Moskow is active in numerous professional and civic organizations. He is vice chairman of the Chicago Council on Global Affairs, and the former chairman of the National Bureau of Economic Research and The Economic Club of Chicago. He also serves as a director of the Council on Foreign Relations in New York City, the Northwestern Memorial Foundation, World Business Chicago, and the Chicagoland Chamber of Commerce. He is a member of the Civic Committee of The Commercial Club of Chicago, a fellow of the National Academy of Public Administration, and a member of the Governing Board of the Illinois Council on Economic Education.

Moskow was born in Paterson, N.J. He received a Ph.D. in business and applied economics from the University of Pennsylvania and an A.B. in economics from Lafayette. He is a member of the Advisory Board to the Kellogg School of Management at Northwestern University. He is also a member of the Visiting Committee of the Irving B. Harris Graduate School of Public Policy Studies at the University of Chicago.

Reda is executive producer (with son Scott Reda) of Lou Reda Productions of Easton, Pa., and is internationally recognized as one of the country’s outstanding documentary filmmakers. The company, which regularly produces programs of the highest quality for cable and network television, is best known for documentaries exploring events that have shaped the modern world and for its biographies.

In the 30 years since its founding, the company has produced more than 400 cable and network programs as well as numerous shorts and special presentations for networks such as The History Channel, A&E, and The Biography Channel. Some of the programs include; Eyewitness In Iraq; The Last Day of WWI: 11th Month, 11th Day, 11th Hour; When Cowboys Were King; The Day the Towers Fell; and The Blue and The Gray miniseries, which appeared on CBS.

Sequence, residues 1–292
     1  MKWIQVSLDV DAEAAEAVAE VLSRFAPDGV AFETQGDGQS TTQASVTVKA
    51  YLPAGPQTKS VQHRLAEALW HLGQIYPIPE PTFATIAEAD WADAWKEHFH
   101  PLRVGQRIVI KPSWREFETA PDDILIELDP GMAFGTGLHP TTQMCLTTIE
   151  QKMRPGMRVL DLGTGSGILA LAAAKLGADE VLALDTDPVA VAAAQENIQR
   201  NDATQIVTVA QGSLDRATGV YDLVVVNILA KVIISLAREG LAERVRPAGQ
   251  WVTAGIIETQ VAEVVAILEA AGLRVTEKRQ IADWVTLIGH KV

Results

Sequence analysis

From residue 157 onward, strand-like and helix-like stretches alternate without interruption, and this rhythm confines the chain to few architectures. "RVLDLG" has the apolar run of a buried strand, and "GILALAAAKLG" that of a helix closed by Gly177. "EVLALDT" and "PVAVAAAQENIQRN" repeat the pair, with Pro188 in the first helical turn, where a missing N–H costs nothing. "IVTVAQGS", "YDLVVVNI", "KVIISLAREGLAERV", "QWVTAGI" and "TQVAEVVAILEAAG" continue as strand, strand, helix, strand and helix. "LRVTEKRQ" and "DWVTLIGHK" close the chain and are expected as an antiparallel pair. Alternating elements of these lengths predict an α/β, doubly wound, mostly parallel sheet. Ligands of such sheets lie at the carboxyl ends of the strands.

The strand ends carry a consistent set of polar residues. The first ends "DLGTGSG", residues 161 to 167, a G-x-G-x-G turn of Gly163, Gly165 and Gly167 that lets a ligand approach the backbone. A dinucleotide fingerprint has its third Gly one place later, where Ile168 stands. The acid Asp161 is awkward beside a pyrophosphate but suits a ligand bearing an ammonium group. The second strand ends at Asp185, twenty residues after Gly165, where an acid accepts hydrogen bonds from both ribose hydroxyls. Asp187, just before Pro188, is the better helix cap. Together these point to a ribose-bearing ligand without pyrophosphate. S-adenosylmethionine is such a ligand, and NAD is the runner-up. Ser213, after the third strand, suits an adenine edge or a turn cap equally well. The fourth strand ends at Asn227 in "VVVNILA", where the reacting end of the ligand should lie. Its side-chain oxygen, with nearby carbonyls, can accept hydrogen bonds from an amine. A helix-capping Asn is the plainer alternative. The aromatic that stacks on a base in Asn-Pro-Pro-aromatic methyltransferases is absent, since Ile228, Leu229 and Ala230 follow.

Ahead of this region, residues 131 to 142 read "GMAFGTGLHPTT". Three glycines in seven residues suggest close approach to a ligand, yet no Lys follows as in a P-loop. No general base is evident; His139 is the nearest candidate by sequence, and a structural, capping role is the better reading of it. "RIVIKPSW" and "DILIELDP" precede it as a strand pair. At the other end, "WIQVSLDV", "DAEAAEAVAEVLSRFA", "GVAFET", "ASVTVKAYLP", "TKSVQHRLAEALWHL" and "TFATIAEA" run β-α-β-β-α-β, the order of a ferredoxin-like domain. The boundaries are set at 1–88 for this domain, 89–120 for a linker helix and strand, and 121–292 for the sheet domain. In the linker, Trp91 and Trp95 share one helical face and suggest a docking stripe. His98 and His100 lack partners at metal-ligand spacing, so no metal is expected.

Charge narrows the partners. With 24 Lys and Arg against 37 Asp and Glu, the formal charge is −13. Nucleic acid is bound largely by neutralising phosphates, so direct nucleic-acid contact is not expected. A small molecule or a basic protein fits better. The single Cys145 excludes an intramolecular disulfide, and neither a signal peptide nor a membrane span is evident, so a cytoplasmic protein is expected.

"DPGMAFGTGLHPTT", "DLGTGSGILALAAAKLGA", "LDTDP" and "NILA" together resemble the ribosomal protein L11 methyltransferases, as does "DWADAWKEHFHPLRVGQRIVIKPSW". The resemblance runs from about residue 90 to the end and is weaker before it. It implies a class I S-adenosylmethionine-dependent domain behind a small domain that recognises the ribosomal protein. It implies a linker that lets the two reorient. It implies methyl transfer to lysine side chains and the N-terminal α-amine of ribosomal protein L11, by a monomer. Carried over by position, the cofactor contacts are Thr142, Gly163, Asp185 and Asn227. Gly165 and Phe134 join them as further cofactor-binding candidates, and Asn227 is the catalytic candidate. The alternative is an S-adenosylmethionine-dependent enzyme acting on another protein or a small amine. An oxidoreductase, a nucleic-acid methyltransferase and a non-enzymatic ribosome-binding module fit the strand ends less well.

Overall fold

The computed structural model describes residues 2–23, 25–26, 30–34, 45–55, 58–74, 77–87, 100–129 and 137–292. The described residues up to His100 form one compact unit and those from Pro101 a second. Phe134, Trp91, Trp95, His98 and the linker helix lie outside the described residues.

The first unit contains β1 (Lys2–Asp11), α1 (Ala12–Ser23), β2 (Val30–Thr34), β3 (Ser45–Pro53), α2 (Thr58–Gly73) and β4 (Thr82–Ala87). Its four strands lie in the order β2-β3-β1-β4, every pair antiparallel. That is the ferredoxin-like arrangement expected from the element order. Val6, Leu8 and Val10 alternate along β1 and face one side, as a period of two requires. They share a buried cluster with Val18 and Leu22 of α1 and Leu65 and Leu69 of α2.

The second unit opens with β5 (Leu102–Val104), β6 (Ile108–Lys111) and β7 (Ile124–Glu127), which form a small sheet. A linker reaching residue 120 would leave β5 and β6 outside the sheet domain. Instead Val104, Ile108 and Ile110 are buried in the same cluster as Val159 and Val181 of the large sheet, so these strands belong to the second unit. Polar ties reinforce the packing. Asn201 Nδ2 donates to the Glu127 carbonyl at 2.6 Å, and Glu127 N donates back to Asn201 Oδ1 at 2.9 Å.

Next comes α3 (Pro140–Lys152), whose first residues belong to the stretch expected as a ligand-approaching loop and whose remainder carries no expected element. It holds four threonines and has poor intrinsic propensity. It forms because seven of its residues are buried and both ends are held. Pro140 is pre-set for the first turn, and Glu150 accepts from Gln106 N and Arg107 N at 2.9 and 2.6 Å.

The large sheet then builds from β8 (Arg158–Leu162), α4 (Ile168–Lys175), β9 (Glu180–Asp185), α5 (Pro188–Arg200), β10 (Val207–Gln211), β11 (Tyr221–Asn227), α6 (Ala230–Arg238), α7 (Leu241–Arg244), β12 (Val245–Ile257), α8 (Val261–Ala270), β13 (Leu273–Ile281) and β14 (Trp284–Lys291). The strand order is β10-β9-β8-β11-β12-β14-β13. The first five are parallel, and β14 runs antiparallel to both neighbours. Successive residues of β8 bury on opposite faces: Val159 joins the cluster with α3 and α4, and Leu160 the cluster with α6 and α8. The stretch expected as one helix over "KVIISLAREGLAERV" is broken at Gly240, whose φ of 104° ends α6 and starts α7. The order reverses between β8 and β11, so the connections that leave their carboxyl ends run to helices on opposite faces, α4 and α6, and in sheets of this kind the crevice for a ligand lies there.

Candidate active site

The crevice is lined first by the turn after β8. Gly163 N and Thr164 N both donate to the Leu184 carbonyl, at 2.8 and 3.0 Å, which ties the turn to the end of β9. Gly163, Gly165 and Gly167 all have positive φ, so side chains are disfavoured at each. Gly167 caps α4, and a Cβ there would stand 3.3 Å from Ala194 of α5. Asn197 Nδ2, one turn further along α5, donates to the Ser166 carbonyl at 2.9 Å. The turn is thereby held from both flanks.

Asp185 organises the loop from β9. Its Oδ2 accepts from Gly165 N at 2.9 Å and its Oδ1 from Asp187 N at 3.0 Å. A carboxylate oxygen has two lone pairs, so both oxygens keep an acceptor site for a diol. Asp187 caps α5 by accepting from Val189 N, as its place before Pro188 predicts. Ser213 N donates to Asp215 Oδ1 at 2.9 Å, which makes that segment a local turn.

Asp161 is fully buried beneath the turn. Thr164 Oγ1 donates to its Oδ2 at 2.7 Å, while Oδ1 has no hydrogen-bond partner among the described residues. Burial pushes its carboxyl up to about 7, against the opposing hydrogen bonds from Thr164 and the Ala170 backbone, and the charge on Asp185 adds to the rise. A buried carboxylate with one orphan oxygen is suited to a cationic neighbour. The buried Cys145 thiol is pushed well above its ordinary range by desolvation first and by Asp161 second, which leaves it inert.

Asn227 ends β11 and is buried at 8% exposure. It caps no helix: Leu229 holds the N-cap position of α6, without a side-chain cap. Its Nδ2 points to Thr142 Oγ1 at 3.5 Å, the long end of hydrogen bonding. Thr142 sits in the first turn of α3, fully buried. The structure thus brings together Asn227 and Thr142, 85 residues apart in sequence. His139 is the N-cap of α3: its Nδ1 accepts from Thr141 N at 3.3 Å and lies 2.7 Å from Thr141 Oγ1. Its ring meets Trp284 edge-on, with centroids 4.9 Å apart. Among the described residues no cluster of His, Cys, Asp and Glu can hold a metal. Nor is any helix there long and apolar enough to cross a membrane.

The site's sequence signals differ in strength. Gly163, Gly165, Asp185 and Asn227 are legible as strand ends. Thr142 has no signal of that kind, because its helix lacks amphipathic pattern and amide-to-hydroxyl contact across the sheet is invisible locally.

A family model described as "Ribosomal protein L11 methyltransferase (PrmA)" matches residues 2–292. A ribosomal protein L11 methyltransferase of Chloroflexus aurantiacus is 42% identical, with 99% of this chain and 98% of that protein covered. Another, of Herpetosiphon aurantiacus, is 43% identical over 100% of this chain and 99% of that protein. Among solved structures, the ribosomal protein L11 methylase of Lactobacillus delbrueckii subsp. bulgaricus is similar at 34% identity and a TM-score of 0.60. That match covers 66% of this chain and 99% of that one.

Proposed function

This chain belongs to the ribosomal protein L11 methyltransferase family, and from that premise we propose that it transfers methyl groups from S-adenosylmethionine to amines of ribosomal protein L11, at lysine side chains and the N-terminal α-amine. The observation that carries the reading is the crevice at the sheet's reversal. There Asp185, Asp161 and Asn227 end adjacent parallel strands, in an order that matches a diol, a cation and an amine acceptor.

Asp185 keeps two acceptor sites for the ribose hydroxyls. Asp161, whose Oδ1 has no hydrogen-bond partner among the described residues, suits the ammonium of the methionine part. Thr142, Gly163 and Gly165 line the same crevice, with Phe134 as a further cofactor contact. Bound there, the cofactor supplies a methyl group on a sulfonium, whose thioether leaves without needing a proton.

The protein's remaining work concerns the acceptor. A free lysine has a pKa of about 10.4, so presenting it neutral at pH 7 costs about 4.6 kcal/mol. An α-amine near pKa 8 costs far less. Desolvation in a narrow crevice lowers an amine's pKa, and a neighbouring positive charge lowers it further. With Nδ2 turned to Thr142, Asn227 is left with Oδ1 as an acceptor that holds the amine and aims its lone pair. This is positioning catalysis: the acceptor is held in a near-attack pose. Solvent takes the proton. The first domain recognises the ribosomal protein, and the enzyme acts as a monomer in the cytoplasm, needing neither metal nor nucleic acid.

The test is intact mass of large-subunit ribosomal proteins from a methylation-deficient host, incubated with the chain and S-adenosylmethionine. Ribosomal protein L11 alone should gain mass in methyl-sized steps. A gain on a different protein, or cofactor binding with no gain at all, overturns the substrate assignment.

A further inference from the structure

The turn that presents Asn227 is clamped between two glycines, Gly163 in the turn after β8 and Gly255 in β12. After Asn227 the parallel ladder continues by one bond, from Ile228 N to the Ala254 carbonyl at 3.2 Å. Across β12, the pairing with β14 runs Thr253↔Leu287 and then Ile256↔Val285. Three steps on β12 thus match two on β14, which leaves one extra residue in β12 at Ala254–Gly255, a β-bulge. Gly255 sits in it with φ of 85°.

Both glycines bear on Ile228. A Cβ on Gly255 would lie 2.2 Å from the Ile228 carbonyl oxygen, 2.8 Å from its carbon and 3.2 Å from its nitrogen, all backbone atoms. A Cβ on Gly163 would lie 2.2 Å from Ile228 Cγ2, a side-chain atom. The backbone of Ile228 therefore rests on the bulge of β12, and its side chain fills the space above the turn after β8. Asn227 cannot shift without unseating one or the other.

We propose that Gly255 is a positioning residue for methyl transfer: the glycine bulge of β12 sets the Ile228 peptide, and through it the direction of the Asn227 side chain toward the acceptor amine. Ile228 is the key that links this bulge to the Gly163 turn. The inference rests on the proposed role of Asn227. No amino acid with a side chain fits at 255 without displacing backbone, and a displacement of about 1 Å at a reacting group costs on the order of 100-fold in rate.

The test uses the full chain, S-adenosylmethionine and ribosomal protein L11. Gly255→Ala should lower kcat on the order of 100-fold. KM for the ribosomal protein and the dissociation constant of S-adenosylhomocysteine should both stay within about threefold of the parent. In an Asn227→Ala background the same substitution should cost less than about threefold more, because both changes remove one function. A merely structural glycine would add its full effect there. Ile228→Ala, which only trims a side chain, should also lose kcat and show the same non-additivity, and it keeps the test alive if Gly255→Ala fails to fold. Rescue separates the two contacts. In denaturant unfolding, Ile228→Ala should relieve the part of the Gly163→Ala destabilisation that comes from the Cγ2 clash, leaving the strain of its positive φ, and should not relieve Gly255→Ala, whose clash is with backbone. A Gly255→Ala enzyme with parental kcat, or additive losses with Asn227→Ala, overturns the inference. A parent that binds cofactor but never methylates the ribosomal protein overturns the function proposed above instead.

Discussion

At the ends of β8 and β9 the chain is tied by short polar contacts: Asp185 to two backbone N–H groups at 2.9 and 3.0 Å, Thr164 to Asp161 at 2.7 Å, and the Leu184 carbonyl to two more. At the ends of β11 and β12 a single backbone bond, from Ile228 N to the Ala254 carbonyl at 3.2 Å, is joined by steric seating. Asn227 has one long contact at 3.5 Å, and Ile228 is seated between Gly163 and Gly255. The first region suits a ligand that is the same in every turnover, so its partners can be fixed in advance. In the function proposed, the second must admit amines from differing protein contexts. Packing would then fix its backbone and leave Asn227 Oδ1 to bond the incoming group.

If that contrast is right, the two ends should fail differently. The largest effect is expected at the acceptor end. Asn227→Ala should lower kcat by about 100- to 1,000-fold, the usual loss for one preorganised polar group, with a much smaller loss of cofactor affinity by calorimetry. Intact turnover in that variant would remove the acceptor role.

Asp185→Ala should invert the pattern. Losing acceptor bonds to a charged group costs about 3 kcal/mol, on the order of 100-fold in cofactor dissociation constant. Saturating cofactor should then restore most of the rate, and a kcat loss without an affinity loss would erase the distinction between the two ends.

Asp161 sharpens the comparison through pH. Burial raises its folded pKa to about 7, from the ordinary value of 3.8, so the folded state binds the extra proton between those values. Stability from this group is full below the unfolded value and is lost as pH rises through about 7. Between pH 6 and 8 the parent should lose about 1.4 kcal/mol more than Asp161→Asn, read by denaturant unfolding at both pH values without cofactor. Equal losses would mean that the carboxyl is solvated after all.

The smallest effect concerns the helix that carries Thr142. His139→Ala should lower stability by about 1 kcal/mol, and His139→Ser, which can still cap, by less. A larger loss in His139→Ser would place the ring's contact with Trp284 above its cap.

Reda has received numerous awards and recognitions including many Emmy nominations. In 2005, the company garnered three out of the 14 nominations received by the History Channel—two for Eyewitness in Iraq.

A retired professor of art at University of California-San Diego, Ringgold began her artistic career more than 40 years ago as a painter and is best known today for her painted story quilts—art that combines painting, quilted fabric, and storytelling.

Ringgold has a close relationship with Lafayette, specifically with the Experimental Printmaking Institute (EPI). Curlee Holton, professor and head of art and founding director of EPI, is the author of Faith Ringgold: A View from the Studio (2005), which was published in conjunction with Ringgold’s exhibition at the Allentown Art Museum. Holton and Ringgold have worked together on several projects since 1993.

Ringgold has exhibited in major museums in the United States, Europe, South America, Asia, Africa, and the Middle East. Her work is in many permanent collections including Studio Museum in Harlem, Solomon R. Guggenheim Museum, Metropolitan Museum of Art, Museum of Modern Art, Phoenix Art Museum, National Museum of American Art, the Philadelphia Museum of Art, and the Allentown Art Museum.

She has written and illustrated more than a dozen children’s books including My Dream of Martin Luther King (1995), If a Bus Could Talk: The Story of Rosa Parks (1999), and Aunt Harriet’s Underground Railroad in the Sky (1992).Her first book, Tar Beach (1992), was a Caldecott Honor Book and winner of the Coretta Scott King Award for Illustration. She has received more than 75 awards, fellowships, citations, and honors including the Solomon R. Guggenheim Fellowship for painting and two National Endowment for the Arts Awards.

Categorized in: News and Features